strange dream for strange times

I approached the airline ticket counter at least three times, holding aloft an object that looked like my cell phone only larger and encased in a heavy black canvas fabric.

The ticket agent was dressed in an ill-fitting uniform of sorts that looked like it was made from the same black canvas as my cell phone cover. She came out from behind the counter. “I wish to hell you would go ahead and buy your ticket.” She seemed exasperated, but there was an undertone of pleading.

“I have bought it. It’s on my phone . . . somewhere. I don’t know how to find it.” We stared at one another, then another passenger, a young man, walked up. “Take care of him,” I said. “I’ll be right back.”

I heard her say, “No. . .” — but I was gone.

~

I wasn’t driving the car nor was I a passenger. But I could see and experience everything. Maybe I was the car. There’s a weird thought.

The driver was a woman of an indeterminate age, maybe 45, plump, and somehow she seemed like an English woman from a different century. Ah, I know who she was. She was the head cook in Downton Abbey. You know, the one losing her sight.

She was driving quite fast in an ordinary sedan, and turned from the typical, simple streets of Pensacola into a different world. The street was more of a wide concrete boulevard. Her foot was heavy on the accelerator. Several large, three-story homes appeared on both sides of the road, capped by what could only be called a mansion at the end. It had a circular drive. Beyond it and on either side was water. The bay, I thought. All the buildings were made from the same dusty rose-gold brick. To one side, under a bright blue awning, a table was set for eight guests, one corner of the dazzling white tablecloth flapping in the wind. No people.

“Brakes!” I thought. “Brakes!”

She continued to bear down on the great house, but at the last moment executed a turn around the circle worthy of a Formula One racer and accelerated like a bat fleeing hell in the opposite direction. It was then I noticed several cars full of grim-looking men passing us, headed toward the jumping off place.

“Faster,” I wanted to urge her. “Faster.” I felt the danger; felt her impending death.

~

Back at the ticket counter, the same drab woman. “You again! Why haven’t you bought your ticket yet?”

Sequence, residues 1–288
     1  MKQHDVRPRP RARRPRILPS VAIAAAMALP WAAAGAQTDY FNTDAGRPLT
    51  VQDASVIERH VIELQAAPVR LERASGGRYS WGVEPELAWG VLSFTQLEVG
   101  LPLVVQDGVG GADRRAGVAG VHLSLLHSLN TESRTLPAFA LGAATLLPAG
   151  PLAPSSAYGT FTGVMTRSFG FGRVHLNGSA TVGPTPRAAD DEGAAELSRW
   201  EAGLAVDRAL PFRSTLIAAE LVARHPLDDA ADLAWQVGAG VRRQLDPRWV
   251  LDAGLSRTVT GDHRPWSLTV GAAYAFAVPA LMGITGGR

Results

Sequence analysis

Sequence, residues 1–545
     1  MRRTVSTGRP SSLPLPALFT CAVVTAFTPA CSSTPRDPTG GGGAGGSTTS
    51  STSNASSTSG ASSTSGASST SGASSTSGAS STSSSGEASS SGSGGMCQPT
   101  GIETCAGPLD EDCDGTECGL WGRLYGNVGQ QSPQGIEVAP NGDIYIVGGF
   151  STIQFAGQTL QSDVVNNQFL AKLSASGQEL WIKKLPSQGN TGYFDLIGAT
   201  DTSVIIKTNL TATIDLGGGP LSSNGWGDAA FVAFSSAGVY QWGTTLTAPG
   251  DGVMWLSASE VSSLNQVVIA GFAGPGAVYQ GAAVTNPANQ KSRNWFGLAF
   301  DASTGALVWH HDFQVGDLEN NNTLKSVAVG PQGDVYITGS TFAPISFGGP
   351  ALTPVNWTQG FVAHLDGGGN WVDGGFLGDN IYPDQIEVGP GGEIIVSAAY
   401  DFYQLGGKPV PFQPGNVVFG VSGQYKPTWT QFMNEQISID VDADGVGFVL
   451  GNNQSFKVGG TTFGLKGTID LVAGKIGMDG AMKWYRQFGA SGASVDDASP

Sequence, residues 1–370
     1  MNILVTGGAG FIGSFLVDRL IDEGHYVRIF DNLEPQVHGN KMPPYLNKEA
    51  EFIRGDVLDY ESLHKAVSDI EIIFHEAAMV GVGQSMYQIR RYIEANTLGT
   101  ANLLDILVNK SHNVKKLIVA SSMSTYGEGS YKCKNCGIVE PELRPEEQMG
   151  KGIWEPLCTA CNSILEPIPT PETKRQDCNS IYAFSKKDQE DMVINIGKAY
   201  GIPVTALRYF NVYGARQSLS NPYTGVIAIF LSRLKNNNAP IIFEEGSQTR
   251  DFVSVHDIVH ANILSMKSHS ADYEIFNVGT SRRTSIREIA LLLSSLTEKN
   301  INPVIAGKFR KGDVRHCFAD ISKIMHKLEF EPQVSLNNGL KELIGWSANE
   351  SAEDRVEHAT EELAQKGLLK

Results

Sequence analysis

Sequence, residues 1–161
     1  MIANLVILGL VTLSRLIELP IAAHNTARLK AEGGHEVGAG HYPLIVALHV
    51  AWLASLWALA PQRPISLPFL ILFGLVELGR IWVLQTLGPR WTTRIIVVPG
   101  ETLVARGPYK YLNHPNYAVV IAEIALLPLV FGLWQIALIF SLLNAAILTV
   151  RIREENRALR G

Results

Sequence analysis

doc

I think the thing he was most fascinated by was the bright blue, glowing geo-locator button on my jogging shoes. I mean, who wouldn’t be, right? Nice to know that even if I didn’t know where I was, theoretically somebody, somewhere did.

I had been pedaling across the curve of the earth in the middle of the night in a four-wheel type of cycle, going home to Mother. How in the world would I find her in the dark? And, oh by the way, she died in 1990 and I had never been able to find the real “her” in life and even less so in death — she was gone years before her heart stopped.

How did I get hurt and why was I at this bright outpost of an urgent care clinic? A little girl with dark hair and big glasses and bright black patent leather shoes shamelessly eavesdropped on my conversation with the young doc.

I kept asking him: who were the people who came to my house?

Dreams. Nonlinear. Nonsensical. I love them.

sandy

I waited too long to write last week’s dream. So many of the evanescent parts of it have floated away. But I am still left to wonder: why did my subconscious bring my old friend Patsy into my dreamscape?

Images from the dream are more like scenes from her real life, experiences I either saw or knew about as they were happening. So was it a dream or a series of memories?

We are sitting together on my piano bench at home, Buck and other guests milling about, visiting. Sandy is belting out an old Carol King line — pretty sure it was I feel the earth move under my feet while I accompanied her. She held a glass of wine in one hand and swore like a sailor in-between verses. Okay, so this was definitely a dream. I’ve played piano while she sang before, but it was a supper club of sweet Episcopalians and the songs were usually old Broadway or snippets from The Messiah. Sandy has a glorious contralto, the kind of singing voice I would like to have. I have near perfect pitch, but only thin squeaks come through my pipes.

I dreamed of Sandy sailing the Grand Loop with her ill husband and later hugging the shorelines and rivers of Florida when he was dying and they had to dock so he could rent a car and drive to one of several hospitals for another useless round of chemo. Maybe it wasn’t entirely useless. Maybe it bought him time. But my dream is of Sandy, nurse Sandy, giving him injections; Sandy, the game companion, her brittle bones fracturing time and time again when jarred by the sharp, hard wake of a rude boater and knocked into unforgiving surfaces. Betrayed Sandy.

Sandy’s blank look of shock when she first read her husband’s will and trust, then tears of heartbreak and later anger, as it sunk in that he put her financial well-being into a trust managed by a long-grown stepdaughter who behaved as though she had waited a long time to become Sandy’s overlord and was going to extract every ounce of suffering and pain left in this dear woman, not to mention impoverishing her in the process.

Sandy, kneeling for communion, praying at the rail, hands raised like a charismatic.